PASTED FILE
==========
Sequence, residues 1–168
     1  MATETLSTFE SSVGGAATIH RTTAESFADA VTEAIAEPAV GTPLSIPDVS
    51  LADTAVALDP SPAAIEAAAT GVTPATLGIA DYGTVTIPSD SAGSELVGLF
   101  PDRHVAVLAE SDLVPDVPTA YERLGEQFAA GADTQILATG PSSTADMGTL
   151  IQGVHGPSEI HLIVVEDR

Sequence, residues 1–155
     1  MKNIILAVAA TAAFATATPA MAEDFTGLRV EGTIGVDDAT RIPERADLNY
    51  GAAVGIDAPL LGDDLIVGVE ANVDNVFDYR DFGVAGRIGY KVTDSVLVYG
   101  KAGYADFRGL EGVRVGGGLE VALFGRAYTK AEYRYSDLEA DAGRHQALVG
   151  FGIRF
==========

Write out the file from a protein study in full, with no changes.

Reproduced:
Sequence, residues 1–168
     1  MATETLSTFE SSVGGAATIH RTTAESFADA VTEAIAEPAV GTPLSIPDVS
    51  LADTAVALDP SPAAIEAAAT GVTPATLGIA DYGTVTIPSD SAGSELVGLF
   101  PDRHVAVLAE SDLVPDVPTA YERLGEQFAA GADTQILATG PSSTADMGTL
   151  IQGVHGPSEI HLIVVEDR

Sequence, residues 1–155
     1  MKNIILAVAA TAAFATATPA MAEDFTGLRV EGTIGVDDAT RIPERADLNY
    51  GAAVGIDAPL LGDDLIVGVE ANVDNVFDYR DFGVAGRIGY KVTDSVLVYG
   101  KAGYADFRGL EGVRVGGGLE VALFGRAYTK AEYRYSDLEA DAGRHQALVG
   151  FGIRF